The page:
Advice we receive about worry can be confusing. I think most people, if asked about worry directly, would tell you not to worry too much and to enjoy the moments. But then we constantly see in the news and on social media those stories that want to raise awareness about <something> because <something awful> happened to them. Those stories absolutely break my heart, but they also cause me to fall into worry.
“Ten Signs of Depression You Might Not Recognize Until It’s Too Late”
“Dry Drowning: Know the Signs”
“Mom Warns Other Parents After 18-Day-Old Baby Girl Dies”
When I came home from the hospital with a tiny, defenseless baby in my arms, I was completely overwhelmed trying to remember all of the “need to know” tips, warnings, and advice. I was so worried and everything I was reading on the news was affirming that I should be worried because there were a million tiny things that could go wrong.
That burden was heavy. As someone who has always been a chronic worrier, that burden was crushing. Luckily, as believers, we have someone to transfer that burden to.
“Come to me, all you who are weary and burdened, and I will give you rest. Take My yoke upon you and learn from Me, for I am gentle and humble in heart, and you will find rest for your souls. For My yoke is easy and My burden is light.”
I didn’t sleep for weeks after my daughter was born. Every time my eyes would close, I would wonder if she was still breathing. It wasn’t until much later that I realized I had postpartum anxiety. The only thing that helped me finally start sleeping was to repeat Psalm 4:8 to myself every night, when I began to worry: “In peace I will lie down and sleep, for you alone, LORD, make me dwell in safety.”
For anyone who struggles with constant worrying, I encourage you to write down Bible verses about worry on index cards and repeat them out loud every time you begin to feel that anxiety creep in.
I was recently shown an awesome example of why it helps to speak the verses out loud. Try counting to ten in your head and somewhere in the middle, say your name out loud. When you do, what happens? Your counting stops.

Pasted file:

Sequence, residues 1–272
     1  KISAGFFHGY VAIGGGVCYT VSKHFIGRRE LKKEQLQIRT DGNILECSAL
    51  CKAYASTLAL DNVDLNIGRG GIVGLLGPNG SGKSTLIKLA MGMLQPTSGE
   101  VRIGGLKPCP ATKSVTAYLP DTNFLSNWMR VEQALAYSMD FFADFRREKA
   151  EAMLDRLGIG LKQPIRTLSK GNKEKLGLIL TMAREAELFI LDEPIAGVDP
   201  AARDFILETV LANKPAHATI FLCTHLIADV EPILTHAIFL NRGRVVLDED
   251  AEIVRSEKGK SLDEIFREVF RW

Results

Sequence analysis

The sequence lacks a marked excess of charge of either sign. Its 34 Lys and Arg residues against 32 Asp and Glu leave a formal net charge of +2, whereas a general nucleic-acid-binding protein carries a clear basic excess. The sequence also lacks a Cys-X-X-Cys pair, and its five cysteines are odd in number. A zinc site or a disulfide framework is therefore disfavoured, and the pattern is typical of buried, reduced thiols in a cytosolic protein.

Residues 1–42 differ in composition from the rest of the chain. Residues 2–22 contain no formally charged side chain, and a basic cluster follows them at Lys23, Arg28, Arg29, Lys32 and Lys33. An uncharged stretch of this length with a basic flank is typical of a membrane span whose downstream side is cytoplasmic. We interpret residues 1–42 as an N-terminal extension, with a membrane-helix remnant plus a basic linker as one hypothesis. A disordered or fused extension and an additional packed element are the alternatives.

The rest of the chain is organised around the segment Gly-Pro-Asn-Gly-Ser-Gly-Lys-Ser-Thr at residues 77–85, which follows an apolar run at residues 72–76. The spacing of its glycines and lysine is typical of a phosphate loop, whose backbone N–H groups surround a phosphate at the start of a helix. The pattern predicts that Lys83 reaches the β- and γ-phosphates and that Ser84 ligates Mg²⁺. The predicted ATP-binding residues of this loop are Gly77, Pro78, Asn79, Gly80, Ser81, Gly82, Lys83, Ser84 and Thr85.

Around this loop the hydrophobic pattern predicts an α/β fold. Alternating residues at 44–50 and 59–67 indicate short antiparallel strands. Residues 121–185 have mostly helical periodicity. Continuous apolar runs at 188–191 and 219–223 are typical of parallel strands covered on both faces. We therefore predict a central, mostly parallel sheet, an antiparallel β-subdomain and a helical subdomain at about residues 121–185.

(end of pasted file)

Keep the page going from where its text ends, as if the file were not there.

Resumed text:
When you speak the Word of God out loud, your thoughts will literally stop in their tracks. Your mind will stop to hear what your soul has to say. To worry is to say that you have more faith in the enemy to harm you than you have faith in the Lord to protect you. If anxiety starts to attack you, speak out about where your faith lies.
Below are a few good verses to start with. Take these verses and make them personal. “Thank you, Lord, that you have given me your peace. I will cast my cares upon you and put my trust in you. I will not be anxious, but will trust that your peace will guard my mind and my heart.”
- John 14:27 – Peace I leave with you; my peace I give you. I do not give to you as the world gives. Do not let your hearts be troubled and do not be afraid.
- Colossians 3:15 – Let the peace of Christ rule in your hearts, since as members of one body you were called to peace. And be thankful.
- Psalm 55:22 – Cast your cares on the Lord and he will sustain you; he will never let the righteous be shaken.
- Psalm 56:3 – When I am afraid, I put my trust in you.
- John 16:33 – I have told you these things, so that in me you may have peace. In this world you will have trouble. But take heart! I have overcome the world.
- Romans 8:38-39 – For I am convinced that neither death nor life, neither angels nor demons, neither the present nor the future, nor any powers, neither height nor depth, nor anything else in all creation, will be able to separate us from the love of God that is in Christ Jesus our Lord.
- Philippians 4:6-7 – Do not be anxious about anything, but in every situation, by prayer and petition, with thanksgiving, present your requests to God. And the peace of God, which transcends all understanding, will guard your hearts and your minds in Christ Jesus.